WorldRugby (formerly the IRB) took the step of declaring international windows some years ago, as there is in football, to force clubs to release players for international matches. It now appears that clubs are finding ways to subvert these rules. Just last month, Census Johnston signed a new 2 year contract with Toulouse. He also announced that he was retiring from international rugby with immediate effect. He told the Midi Olympique that it was “probably…the hardest decision of my career.” Six months out from a World Cup, the veteran Samoan tighthead elected to retire. He went on to say “I think it’s the best decision for my family as well.” Using our well-honed playschool skills, we joined the dots. While we can’t speak for Johnston, or his motives, on the surface it certainly appears as if there are other forces at play. From our viewpoint, he has taken financial security ahead of playing in a World Cup.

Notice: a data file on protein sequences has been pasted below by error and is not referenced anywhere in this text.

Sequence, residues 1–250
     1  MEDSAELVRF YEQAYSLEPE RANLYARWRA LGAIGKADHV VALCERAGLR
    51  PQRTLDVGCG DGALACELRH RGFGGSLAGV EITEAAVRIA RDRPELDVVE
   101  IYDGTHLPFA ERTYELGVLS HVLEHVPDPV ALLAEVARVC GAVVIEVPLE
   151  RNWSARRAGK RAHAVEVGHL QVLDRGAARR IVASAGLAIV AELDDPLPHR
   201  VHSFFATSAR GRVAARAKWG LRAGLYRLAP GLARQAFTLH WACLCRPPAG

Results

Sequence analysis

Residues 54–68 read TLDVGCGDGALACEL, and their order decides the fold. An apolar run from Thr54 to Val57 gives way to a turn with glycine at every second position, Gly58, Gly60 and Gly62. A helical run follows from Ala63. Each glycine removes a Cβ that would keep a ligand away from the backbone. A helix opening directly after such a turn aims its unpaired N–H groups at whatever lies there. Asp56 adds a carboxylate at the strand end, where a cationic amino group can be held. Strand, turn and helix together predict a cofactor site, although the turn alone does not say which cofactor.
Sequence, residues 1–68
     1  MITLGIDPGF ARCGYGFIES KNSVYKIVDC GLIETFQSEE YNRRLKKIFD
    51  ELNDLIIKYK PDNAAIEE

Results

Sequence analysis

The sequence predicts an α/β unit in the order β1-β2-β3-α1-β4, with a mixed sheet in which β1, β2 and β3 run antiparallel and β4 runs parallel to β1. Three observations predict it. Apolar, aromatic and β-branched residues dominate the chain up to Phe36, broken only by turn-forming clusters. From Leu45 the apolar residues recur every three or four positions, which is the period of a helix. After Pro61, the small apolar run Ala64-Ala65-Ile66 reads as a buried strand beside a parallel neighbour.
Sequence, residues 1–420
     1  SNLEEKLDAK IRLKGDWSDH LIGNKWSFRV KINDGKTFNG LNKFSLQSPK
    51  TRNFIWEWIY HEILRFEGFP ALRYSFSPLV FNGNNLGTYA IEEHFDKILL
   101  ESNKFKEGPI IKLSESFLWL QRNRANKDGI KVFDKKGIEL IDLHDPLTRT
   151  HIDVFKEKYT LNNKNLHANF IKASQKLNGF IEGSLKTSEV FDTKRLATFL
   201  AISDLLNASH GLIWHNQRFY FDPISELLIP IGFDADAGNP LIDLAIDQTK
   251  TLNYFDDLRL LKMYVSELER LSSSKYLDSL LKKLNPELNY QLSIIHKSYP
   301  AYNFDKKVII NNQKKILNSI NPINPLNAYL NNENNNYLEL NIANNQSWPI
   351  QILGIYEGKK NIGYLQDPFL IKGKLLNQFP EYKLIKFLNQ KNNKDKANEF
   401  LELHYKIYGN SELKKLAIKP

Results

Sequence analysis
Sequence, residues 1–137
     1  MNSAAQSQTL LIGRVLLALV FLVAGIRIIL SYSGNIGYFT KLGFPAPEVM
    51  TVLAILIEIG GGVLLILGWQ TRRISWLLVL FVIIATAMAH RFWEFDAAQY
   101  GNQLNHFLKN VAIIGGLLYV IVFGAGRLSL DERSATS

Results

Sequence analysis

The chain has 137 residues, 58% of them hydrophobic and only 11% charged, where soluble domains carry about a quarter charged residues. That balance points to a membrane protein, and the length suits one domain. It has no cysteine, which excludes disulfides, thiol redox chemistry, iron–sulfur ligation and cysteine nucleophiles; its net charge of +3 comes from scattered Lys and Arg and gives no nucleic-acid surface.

Dan Leo reckons the same, although he holds nothing against Johnston for the decision he has made.
“It’s sad for Samoa, because we lose our most experienced tighthead prop, the cornerstone of our pack and one of our world-class players. I’m not here to judge Census for his decision, because I can totally see why he chose to do that. If it comes down to a decision of whether you’re going to put bread on the table or not, what are you going to do? You’ll look after your family every time.”